The silly season of the board examination results is once again upon us. Boards will vie with each other in doling out 90 per cent-plus to their candidates. Social, electronic and print media will overflow with congratulatory (and sometimes self- congratulatory) messages and interviews. Teachers will thump themselves on the back for their “outstanding results”. Schools will go ballistic advertising their “toppers”.
Yet behind the razzmatazz of this marks jamboree, lie some uncomfortable questions that need to be answered. First of all, what of those who did not make it to this elite club? What about those children, who, for reasons well beyond their control, are left struggling on the margins with mediocre or poor results — or even failure? Are they not entitled to a future?
How many of the teachers congratulating themselves would have identified and spent time with students struggling with some learning disability? How many teachers would even recognise the problem of a learning disability?
More fundamentally, how many schools would even admit any student identified as being so disadvantaged?
Let us not even begin to talk about the issue of other disabilities that thousands of our children suffer from. What kind of a culture are we evolving where the disadvantaged are ignored? I remember that when I started an “Assisted Learning Programme” in a boarding school that I headed in the early ’90s to help such students, one of my governors warned me against admitting “mentally retarded” children.
And what do these 90 per cents actually reflect? No one can deny that most students work very hard to achieve these results. The fact that they survive this joyless system is indeed a tribute to their resilience.
The fact, however, remains that the system is so hugely “content driven” that all that the marks reflect are a student’s ability to absorb and spew content, and the teacher’s ability to “teach to the test”. Have schools and teachers taught their students to make connections between what they have learnt in one discipline and what they have learnt in another? Between, say, math and music? Have they taught students to think creatively and critically, to work in teams, to assume leadership, to research and reference, to communicate effectively?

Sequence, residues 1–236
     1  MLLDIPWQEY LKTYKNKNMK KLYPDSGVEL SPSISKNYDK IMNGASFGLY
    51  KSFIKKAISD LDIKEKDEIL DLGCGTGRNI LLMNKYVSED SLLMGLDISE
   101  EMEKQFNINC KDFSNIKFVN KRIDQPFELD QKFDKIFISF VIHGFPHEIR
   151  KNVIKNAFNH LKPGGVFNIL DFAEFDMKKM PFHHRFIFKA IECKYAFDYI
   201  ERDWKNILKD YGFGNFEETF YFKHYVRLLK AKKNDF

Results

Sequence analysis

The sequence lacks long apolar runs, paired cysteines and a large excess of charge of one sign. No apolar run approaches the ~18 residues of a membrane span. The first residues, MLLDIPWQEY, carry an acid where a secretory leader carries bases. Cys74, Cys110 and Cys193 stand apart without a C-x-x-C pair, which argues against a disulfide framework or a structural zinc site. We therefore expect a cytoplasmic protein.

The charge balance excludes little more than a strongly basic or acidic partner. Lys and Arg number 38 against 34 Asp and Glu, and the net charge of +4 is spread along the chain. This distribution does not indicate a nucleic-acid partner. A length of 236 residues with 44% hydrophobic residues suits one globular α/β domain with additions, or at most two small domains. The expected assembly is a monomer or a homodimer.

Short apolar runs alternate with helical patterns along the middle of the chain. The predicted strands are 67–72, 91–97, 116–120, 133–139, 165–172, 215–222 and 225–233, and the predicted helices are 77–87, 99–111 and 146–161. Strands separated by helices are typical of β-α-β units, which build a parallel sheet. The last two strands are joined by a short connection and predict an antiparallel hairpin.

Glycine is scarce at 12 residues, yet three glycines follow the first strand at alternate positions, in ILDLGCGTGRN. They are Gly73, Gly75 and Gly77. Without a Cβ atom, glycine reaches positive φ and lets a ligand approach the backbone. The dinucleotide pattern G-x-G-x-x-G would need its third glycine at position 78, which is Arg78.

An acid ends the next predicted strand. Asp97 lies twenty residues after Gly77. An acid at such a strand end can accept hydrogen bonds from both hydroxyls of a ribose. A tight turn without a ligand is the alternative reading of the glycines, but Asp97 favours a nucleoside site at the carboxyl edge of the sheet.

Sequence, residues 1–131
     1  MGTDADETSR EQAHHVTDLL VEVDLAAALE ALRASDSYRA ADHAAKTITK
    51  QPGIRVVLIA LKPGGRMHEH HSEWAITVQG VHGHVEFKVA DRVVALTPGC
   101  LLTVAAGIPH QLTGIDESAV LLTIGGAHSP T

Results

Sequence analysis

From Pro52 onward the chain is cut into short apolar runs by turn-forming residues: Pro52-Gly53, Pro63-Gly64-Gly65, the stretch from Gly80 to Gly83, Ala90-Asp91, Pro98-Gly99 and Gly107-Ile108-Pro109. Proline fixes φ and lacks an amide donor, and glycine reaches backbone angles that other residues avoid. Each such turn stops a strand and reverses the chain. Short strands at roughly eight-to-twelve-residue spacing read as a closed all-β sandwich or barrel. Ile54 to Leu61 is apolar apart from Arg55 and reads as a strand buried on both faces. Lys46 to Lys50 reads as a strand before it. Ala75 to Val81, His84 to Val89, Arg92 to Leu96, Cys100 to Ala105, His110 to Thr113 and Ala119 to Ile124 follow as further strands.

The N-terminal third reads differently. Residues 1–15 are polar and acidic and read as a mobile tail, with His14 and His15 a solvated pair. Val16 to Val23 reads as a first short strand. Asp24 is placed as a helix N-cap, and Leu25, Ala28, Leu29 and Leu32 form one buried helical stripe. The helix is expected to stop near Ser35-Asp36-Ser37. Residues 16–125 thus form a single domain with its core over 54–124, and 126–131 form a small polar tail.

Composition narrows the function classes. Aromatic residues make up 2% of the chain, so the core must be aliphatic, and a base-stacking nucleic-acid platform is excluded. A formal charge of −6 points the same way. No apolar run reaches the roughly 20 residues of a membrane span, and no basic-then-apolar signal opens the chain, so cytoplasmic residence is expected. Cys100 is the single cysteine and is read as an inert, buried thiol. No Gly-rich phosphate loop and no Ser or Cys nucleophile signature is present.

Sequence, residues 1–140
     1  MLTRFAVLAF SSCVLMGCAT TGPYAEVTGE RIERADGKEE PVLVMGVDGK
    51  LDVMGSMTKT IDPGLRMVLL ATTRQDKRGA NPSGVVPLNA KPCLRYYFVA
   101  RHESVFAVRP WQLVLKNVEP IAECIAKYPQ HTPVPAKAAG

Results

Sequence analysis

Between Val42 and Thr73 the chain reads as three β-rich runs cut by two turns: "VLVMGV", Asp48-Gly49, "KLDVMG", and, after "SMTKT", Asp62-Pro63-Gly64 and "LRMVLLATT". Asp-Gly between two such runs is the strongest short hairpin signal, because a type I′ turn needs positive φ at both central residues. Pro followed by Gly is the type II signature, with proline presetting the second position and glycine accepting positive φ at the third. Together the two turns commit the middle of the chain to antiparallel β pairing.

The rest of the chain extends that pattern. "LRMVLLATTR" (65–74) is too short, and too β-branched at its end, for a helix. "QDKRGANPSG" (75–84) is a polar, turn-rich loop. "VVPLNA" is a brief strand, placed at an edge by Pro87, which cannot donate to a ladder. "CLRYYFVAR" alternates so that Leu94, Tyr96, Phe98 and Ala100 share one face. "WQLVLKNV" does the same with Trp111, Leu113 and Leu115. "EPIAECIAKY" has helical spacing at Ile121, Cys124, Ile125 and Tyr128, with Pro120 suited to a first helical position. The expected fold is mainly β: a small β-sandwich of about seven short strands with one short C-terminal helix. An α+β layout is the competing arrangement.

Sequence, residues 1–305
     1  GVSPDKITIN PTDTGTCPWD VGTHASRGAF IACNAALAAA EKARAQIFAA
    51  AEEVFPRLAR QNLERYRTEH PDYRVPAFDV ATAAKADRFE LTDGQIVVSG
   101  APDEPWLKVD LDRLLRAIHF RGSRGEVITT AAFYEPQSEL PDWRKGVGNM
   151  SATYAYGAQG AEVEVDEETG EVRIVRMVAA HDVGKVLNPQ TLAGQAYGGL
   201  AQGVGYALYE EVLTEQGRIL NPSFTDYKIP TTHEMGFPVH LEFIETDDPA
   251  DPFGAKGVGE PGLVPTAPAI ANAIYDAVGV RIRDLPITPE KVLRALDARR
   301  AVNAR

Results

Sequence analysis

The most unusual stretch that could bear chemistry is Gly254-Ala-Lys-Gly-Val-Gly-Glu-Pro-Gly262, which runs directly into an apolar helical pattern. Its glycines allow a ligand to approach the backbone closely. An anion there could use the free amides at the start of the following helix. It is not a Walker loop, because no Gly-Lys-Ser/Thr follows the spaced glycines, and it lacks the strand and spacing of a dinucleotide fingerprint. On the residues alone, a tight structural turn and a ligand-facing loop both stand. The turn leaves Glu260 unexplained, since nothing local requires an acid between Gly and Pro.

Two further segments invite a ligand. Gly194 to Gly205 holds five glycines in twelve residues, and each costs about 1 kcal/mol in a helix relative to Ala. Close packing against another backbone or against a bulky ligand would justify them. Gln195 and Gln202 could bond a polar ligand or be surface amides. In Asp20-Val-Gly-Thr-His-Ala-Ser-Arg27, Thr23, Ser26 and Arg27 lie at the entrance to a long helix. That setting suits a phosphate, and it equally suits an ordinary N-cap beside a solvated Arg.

After all, these are the skills required in the real world. Have they excited their students about the business of learning? And I am not even touching upon values such as respect for others, empathy, integrity, gender sensitivity. Teachers, before you get carried away by your “success” please do not forget the steroid of the tuition market without which even that 90 per cent, flawed as it might be, would have remained a distant dream.
Let us not also overlook the reality of the manner in which the examinations are administered. Has anyone, for instance, done an audit of the examiners? After all, the examiners come from the pool of schoolteachers and I dare say that, by and large, that is not a very distinguished catchment area.
The reasons for this are manifold. Teaching, particularly schoolteaching, is not exactly a first choice career option for most. I once asked an assembly of parents in my school how many of them would encourage their son to be a schoolteacher or indeed their daughter to marry one. No marks for the correct answer!
The levels of motivation, not surprisingly, tend to be generally low. To compound the problem, teacher training is something that is largely ignored in our country. Promoters of schools, anxious for quick returns on investment, generally consider spending on teacher training a waste of precious resources.
It is worrisome that we have yet to create an institute with the same brand equity as an IIT or IIM. And ironically, it is the schoolteacher who prepares all the entrants for the IITs and IIMs and indeed for all other professions. It is also well-known that dishonesty is rampant in our examination centres. So how valid are these results?
The sad truth is that school in our country is less about “education” and more about “certification”. Where in any enlightened society is a child virtually “boxed in” as early as grade nine and forced into either “Commerce”, “Science” or god forbid “Humanities”? And never the three shall meet!
A child’s mind should be set free — free to explore and to discover the connections between all the beautiful, and indeed ugly, things he or she learns about this universe. In a very interesting article on the world-famous mathematician Ken Ono, in this paper (‘Prime Obsession’. The Indian Express, May 8) Amruta Lakhe quotes Ono on the relationship between him and his mentor Basil Gordon. “He was the Hardy in my life (a reference to the relationship between Srinivasa Ramanujan and G.H. Hardy). I couldn’t wait to start working on theorems but he didn’t let me anywhere near a math formula for months. We went biking, played the piano, and opened our minds to classical music.”
“Then on one of their expeditions”, Lakhe writes, “Ono was struck by the beauty of a particular sunset and mentioned it to Gordon. Gordon replied that Ono was now ready to do math.”
Unless our school education system, among other things, learns to open up the minds of our children to the fascinating universe they dwell in, it will never really impart an “education”, and will never really prepare them to be “weapons polished and keen” who will help build a new and more equitable and just world order.
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